While his campaign was unsurprisingly focused on Brexit, with pledges around technology and business occasionally making an appearance, Boris Johnson’s leadership bid was relatively quiet on his ambitions for the health service and life sciences industry. It therefore came as a surprise to some that since taking office, Johnson appears to have made supporting the NHS a key priority.
Whether this is borne out of a desire to boost a sector that many people feel passionately about protecting in a post-Brexit environment, neutralise Labour’s reputation as the “party of the NHS” or perhaps hold true to the now infamous pledge made on the side of a bus, the new Prime Minister has made a number of recent announcements that give some indication that healthcare is high on the agenda and could be a key focus of Johnson’s premiership. Whitehall sources indicate that there will be more announcements to come when MPs return from recess, suggesting that Johnson’s special advisor Dominic Cummings wants to focus on a sector that will be a top priority at a general election.
On his first day as Prime Minister, he announced on the steps of Downing Street that he would ensure more money reaches the front lines of the NHS and promised to “fix the crisis in social care once and for all”, while also citing the life sciences sector as a prime example of why not to “underestimate Britain”. His sentiments support the indication that the Government are keen to promote the value of the health system and the UK’s prowess in artificial intelligence (AI), genomics and pharmaceuticals as case studies of British success as we prepare to leave the EU.
This will be, by no means, an easy task. Already, the £1.8bn he recently committed towards upgrading hospital facilities and equipment in 20 hospitals has been described by think tanks and health charities as a welcome contribution but a drop in the ocean and a fraction of the true cost of upgrading 20 hospitals (there is already a £6bn maintenance backlog in hospital trusts).
He has also just unveiled plans for a £250 million AI lab to form part of NHSX, a new organisation that is overseeing the digitalisation and data usage of the health service. The lab will bring together academics, doctors and experts in the field of AI to increase its uptake across the NHS and explore ways in which it can be used to improve cancer screenings and diagnose diseases such as dementia.
Johnson, like Health Secretary Matt Hancock, has voiced his desire to utilise health technologies – a sensible move that can support British innovations and drive growth in the life sciences industry while benefiting both patient outcomes and time-pressed clinicians. While we can expect Johnson to give the health service a few more cash giveaways, he will have to be careful in how he chooses to allocate funding.
Research by The King’s Fund published in 2017 found that the £1.2bn of money spent on research and development on innovation vastly outweighed the £50m spent on actually supporting the adoption and spread of innovative new technologies through the health system. Johnson must ensure that developing exciting technologies remains a priority, while also giving much needed support to those parts of the health landscape that do not always grab headlines.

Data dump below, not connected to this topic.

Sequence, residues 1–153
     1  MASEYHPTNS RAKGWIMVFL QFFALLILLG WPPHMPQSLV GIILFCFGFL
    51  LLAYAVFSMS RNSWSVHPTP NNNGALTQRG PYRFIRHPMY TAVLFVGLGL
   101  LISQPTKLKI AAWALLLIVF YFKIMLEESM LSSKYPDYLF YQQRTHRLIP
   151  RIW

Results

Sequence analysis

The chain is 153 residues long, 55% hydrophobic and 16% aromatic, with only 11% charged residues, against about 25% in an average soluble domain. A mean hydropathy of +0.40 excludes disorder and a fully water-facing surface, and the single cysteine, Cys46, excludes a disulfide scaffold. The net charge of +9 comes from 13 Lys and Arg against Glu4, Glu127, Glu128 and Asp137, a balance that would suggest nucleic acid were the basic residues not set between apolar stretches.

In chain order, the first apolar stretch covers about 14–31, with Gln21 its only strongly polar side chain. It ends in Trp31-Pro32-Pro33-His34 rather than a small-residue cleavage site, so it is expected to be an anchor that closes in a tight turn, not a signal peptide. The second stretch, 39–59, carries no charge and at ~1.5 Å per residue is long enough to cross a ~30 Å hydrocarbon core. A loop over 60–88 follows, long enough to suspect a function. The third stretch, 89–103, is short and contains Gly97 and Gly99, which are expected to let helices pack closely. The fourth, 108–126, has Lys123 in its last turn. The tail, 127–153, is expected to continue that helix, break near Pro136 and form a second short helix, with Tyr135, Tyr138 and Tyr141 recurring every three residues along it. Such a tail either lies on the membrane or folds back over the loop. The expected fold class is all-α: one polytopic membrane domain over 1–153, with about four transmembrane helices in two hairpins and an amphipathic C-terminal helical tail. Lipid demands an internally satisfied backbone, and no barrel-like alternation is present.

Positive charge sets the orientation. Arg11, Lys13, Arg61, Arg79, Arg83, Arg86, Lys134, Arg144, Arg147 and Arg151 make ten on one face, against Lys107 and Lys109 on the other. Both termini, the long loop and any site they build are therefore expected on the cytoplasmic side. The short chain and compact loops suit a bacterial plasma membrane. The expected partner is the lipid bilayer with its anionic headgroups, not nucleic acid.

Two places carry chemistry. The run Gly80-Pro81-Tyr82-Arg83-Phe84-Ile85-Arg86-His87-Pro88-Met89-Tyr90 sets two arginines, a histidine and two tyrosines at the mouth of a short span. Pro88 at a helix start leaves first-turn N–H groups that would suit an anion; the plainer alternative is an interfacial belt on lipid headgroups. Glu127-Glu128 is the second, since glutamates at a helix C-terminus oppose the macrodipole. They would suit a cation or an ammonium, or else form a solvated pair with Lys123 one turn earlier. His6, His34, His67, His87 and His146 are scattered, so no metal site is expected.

One area that we may expect to see greater focus on is prevention and public health. Hancock is championing the importance of keeping people healthy and out of hospital to ease pressures on NHS services and this is likely to be reflected in Johnson’s future policies. Johnson has appointed William Warr, a doctoral researcher in public health, as a policy advisor and a Prevention Green Paper was published in the last days of May’s premiership, which includes an ambition to go smoke-free in England by 2030, a possible extension of the soft drinks levy and an end to the sale of energy drinks to children under 16.
Despite Johnson’s voicing of an aversion to ‘sin taxes’, the Green Paper was a welcome commitment and bodies from across the health sector are hopeful that the incumbent Prime Minister turns these proposals into policy. However, adequate funding is again essential to seeing the prevention agenda take flight. The Prevention Green Paper did come under criticism from think tanks for failing to address the need to resource local authorities to oversee public health. While funding for the much-loved NHS keeps voters happy, Johnson’s administration must ensure that other areas of the health system can flourish and that local authorities are given the resources to do this at the next Spending Review.
Of course, for now Brexit also remains a top priority and Johnson’s ‘do or die’ approach to leaving the EU on 31 October 2019 with or without a deal has led to a rise in no-deal contingency planning. Despite the fact many of the UK’s medical supplies and devices are sourced from within the single market, Government remain keen to assure the public that the supply of these vitally important products will remain unhindered and Johnson has set aside an extra £2.1bn for preparations, of which £434m will cover stockpiling of medicines and medical products.
While nobody can say for sure the extent to which the health service or the UK’s thriving life sciences sector will be affected by Brexit, it is likely that the future of the NHS will remain a battleground between leading parties long after 31 October has been and gone. If these recent commitments towards health spending are signs that the Government are preparing for a general election, to boost the Conservative’s razor thin majority Johnson must carefully navigate the pressures of harnessing the potential of the life sciences sector, balancing the books and protecting a health service that remains a national treasure to many.